5. "Circle in the Forest" (22:21) Several New Age-y synth sounds weave a gentle if simple and over-repeated melodic section for the first four minutes. A shift occurs at the end of the fourth minute in which one of the lead synth sounds ("harp") changes chords and melody of its arpeggi and is joined in a new weave by a lute-like sound. At the 5:00 mark a full band joins in with chunky bass and Lord of the Dance-like Celtic drums beating away to create a heavy section. This is then cycled around for the next four minutes with a softer, stripped down theme until the eighth minute when some NORTHETTES-like vocalese joins in. Around the 8:00 mark a different movement is initiated with a single bass note repeated around 110 beats per minute as classical celestina/12-string sounding chords progress with the drums playing off the established melody. It's a nice sound palette if a little "MacArthur's Park" like, simple, and Mike Oldfield-repetitive. Also, the drums' toms are a little early Simmons-like. Just after the 12:00 mark a fast-strumming acoustic guitar enters to guide a bridge to the next stripped down, piano and synth- based sentimental weave. Once again, some of the synth sounds used in this section are so New Age dated. (think of the brothers Steve & David Gordon's albums of the 1980s.) fifteen and a half minutes in and there is a single arpeggio to signal the shift to the next movement--this one softer but just as engaging. The new weave gets enhanced into a Incantations-era MIKE OLDFIELD-meets-UNITOPIA section for a rousing multi-instrumental weave of sophisticated complexity--perhaps the best passage of the album in both complexity and raw engagement (even if it is so very MIKE OLDFIELD-like). (41/45)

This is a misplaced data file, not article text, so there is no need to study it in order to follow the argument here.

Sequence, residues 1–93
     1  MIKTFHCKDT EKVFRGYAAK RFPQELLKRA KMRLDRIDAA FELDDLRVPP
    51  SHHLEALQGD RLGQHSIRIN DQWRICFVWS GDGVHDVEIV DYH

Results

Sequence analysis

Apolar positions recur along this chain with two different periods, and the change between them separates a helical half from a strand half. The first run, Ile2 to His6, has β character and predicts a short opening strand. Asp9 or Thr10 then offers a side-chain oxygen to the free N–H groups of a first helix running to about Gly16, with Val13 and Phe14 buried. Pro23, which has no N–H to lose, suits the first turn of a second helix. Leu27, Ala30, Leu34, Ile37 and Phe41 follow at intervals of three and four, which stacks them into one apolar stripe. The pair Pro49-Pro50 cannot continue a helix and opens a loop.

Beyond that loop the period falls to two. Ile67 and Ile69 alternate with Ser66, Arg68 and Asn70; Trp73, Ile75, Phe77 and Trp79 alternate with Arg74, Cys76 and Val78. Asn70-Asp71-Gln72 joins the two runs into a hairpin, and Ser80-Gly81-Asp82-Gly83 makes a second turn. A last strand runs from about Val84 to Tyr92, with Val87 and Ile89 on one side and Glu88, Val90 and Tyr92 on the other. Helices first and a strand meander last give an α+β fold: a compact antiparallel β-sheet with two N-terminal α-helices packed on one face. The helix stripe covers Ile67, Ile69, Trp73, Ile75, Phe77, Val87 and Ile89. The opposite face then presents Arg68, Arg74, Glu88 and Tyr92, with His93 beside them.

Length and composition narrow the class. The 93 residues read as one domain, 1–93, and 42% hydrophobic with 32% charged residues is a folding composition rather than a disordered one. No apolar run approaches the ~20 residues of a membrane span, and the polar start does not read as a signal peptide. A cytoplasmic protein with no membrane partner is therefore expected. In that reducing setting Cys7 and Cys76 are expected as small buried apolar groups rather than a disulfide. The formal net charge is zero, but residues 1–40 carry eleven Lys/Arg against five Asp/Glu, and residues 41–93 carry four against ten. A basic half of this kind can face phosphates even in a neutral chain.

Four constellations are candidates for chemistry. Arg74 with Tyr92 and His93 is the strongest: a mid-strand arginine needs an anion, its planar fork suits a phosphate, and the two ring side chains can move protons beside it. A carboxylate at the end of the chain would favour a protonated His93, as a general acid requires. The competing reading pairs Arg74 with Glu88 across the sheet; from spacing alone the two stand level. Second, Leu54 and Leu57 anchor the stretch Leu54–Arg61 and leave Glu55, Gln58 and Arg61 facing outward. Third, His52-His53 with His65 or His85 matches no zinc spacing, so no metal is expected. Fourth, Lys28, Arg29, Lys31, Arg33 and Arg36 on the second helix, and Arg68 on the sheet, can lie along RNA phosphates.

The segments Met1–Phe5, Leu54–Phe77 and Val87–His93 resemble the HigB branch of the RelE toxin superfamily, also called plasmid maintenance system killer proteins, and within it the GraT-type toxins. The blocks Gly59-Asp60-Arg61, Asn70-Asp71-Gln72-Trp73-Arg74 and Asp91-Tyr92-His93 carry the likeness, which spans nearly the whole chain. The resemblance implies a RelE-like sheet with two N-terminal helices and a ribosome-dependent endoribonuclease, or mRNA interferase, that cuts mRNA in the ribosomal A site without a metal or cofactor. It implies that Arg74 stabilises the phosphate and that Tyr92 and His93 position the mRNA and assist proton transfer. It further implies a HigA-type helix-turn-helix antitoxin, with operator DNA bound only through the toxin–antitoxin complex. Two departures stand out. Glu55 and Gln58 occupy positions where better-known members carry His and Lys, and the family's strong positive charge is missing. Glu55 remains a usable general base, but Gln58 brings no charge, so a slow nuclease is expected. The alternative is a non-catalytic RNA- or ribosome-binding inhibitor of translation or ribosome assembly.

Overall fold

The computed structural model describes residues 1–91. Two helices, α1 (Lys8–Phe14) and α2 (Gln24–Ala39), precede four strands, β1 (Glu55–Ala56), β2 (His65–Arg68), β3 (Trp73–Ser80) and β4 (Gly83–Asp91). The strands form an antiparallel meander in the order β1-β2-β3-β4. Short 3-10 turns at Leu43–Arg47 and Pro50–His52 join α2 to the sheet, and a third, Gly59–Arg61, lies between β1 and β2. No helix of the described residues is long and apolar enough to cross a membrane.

Total Time 44:28

B+/4.5 stars; a near-masterpiece of progressive rock music. More in the realm of New Age/World Music than Neo Prog but there are connections.

Latest members reviews

4 stars The Japanese band - ASTÚRIAS - (commanded by the multi-instrumentalist Yoh Ohyama) in his first studio work Circle in the Forest", presents a sonority that varies of NewAge (influenced mainly by KITARO & MIKE OLDFIELD) and for the Jazz-Prog in the style of bands as, for instance KENSO. Actual ... (read more)

Report this review (#292870) | Posted by maryes | Saturday, July 31, 2010 | Review Permanlink